Friday, 8 October 2010

Theme 1 - Low-key photography

Low key photography

I have always prefered the more dramatic images of Low-key portraits than high-key as they seem to reveal more of the sitters personality and emotion. Below are a examples of low key photography:

 During Photography class last week I tried in the studio to re- create this image with the help of Maggie. I like this image because it is very atmospheric and moody, I also underestimated how difficult it was going to be!

The lighting set up was similar to this:

We used a single light with a honeycomb grid on the end to help direct the light.

'Like snoots and barndoors, a honeycomb grid ia an attachment that narrows and focuses the beam from a stobe lamp. The primary difference is that a honeycombe grid provides a smoother less dramatic graduation to the edge of the light. These grids come in four standard angles of beam widtht; ten, twenty, thirty, and forty degrees. The smaller the angle of beam width, the tighter the beam of light'. ('Digital photography and lighting' (2006) C.Jamieson and S.McCormick p.71)

The difficulty we had was where to place the key light. If we placed it at 45 degrees to the subject (as demonstrated in the diagram) the shadows were too severe and too much light landed on the models face. If we placed it slightly behind the model, we got a 'rimmed' effect that was not what we were after.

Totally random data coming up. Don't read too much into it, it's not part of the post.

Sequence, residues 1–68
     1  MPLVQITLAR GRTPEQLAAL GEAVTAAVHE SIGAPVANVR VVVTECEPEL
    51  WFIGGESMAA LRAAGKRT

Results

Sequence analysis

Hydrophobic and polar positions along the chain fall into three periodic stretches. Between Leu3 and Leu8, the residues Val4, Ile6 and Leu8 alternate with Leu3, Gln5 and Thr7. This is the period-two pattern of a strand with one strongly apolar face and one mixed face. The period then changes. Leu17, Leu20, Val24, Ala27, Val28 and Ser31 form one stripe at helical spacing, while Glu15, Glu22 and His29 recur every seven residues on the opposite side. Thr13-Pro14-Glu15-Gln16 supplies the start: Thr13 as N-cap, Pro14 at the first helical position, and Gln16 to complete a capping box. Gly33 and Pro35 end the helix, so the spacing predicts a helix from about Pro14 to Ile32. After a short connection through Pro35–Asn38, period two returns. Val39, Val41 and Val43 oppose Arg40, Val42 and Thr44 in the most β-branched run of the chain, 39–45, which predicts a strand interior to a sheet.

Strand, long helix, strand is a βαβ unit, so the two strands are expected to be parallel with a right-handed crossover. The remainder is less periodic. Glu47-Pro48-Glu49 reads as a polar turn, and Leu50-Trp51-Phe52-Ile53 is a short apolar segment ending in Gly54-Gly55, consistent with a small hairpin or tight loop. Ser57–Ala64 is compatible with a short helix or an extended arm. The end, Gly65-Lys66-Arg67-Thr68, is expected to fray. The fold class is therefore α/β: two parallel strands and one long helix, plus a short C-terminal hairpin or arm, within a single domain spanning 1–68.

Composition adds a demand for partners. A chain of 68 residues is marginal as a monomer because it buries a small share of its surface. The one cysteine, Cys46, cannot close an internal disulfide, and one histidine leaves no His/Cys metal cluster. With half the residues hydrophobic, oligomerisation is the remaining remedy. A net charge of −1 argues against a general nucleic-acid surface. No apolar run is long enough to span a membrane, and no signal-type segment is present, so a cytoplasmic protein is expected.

'Rim lighting is a technique used to give shape to objects in a photograph by backlighting the subject. When it is used in a subtle manner, rim lighting can be barely detectable. When rim lighting is used as an effect, it gives the subject a lighted halo around them and an ethereal look. Rim lighting is most often used to define shapes against a background, but it can also be used to highlight subtle effects of a photograph such as tiny hairs like those on the rim of a flower' (T Moergan (2009) eHow contri
The resulting image (see below) was taken with the key light  at about 50 degrees to the camera and against a black backdrop.

The metering was taken using an sekonic L-358 with a set ISO of 200 and shutter speed of 1/125. This recommended an aperature of f/4.0. I shot it using my Nikon D80 with a 50mm lens and used manual focus.


Although I'm relatively happy with the final image, It doesn't quite replicate the image fully. It is also slightly out of focus and the background is not jet black as the light has 'spilled' over onto the floor of the studio. In the future to prevent this from happening I could use a heavy black cloth (velvet) on the floor inorder for the light to be fully absorbed. For a first attempt I'm quite pleased, but will try again and next time will use black cloth and focus on the subject before turning the lights off

1 comment:

  1. Hi
    Its good to see how your research can inform what you produce, it is a very good way to work as what you see of value can be added to your own work.